Those non-competitive jumps were fun because the club members were typically jumping in front of large crowds, Kiehl said. He recalled one exhibition that was especially fun.

The club was jumping at an air show, hosted at Adams Field in Little Rock. The club’s spot in the event’s schedule immediately followed the U.S. Air Force’s Thunderbirds. The Tech jumpers flew in from Pine Bluff and circled while the Thunderbirds completed their show.

“Then as we were trying to come in to make our jump, they (the Thunderbirds’ jets) really had, you could say, torn up the air, so it was really turbulent.”

The club’s jumpers had to be out of the plane and on the ground no later than four minutes after the Thunderbirds landed, leaving little time for the air to calm.

“So we went over, did our jump, bounced all over the place, and landed there at Adams Field. That was a fun jump because of all the bouncing. I mean, I like roller coasters, so it didn’t really bother me.”

In fact, Kiehl said he had no anxious moments during his jumping days, including his very first jump.

“There is no sensation of falling,” he said. “It’s like you are floating on a cushion of air.”

And in terms of safety, “it was a very safe club, a very safety-minded club. Everything was always checked and double checked.”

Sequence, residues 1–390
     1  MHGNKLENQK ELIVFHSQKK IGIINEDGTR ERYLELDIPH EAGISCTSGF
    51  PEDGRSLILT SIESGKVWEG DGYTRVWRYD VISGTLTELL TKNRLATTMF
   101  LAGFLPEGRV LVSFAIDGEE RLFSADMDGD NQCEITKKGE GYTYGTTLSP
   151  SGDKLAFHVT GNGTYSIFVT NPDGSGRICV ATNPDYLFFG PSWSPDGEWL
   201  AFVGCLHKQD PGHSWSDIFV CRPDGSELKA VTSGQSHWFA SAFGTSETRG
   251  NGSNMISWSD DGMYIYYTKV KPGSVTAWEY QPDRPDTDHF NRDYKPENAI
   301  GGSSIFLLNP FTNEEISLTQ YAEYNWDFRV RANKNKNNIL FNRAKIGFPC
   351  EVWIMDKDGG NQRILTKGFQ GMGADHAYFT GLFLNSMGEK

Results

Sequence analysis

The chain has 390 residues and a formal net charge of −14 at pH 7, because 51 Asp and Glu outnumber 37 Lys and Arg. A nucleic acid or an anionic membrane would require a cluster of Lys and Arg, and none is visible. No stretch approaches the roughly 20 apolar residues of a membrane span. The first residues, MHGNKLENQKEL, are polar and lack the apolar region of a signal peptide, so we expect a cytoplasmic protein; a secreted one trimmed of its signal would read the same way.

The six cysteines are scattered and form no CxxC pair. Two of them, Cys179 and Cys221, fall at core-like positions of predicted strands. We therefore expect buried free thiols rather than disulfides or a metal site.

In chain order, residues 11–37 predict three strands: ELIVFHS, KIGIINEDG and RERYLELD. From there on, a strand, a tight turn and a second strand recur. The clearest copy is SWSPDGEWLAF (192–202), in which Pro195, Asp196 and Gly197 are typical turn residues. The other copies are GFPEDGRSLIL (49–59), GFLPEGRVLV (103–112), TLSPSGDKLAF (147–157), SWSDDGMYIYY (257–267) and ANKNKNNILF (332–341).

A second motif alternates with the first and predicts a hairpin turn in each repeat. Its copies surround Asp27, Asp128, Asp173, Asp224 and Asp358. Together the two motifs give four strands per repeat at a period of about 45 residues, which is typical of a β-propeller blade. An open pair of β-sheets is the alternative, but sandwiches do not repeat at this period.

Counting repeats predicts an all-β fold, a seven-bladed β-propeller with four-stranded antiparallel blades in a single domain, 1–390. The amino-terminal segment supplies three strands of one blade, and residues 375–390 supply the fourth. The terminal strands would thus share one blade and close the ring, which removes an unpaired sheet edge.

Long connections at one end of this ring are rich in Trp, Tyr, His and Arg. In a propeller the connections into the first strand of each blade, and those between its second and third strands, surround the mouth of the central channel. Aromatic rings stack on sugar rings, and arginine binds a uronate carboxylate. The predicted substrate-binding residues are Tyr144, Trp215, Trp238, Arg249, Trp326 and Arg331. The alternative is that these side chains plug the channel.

Tech closed its air field in 1964, which essentially ended on-campus jumps. There were still occasional exhibition jumps on campus to recruit members. Otherwise, most jumps were made in Dardanelle, Blackwell and Clarksville.

When the club moved off campus, the group was renamed the Russellville Collegiate Skydivers. Kiehl said the club remained active until late 1967.

During those days, and beyond, Kiehl traveled to parachuting competitions around the country to shoot photos. Even today, Kiehl can often be found in Clarksville, taking photos of jumpers in the Paradise Valley Skydiving club.

The Clarksville club “is different, because it’s not a collegiate club like we were, but you still have the same type of camaraderie, and it’s fun.”

Kiehl hasn’t ruled out jumping again. He is considering making a tandem jump with the club sometime in the next few months, marking 60 years since his first jump with the Arkansas Tech Parachute Club.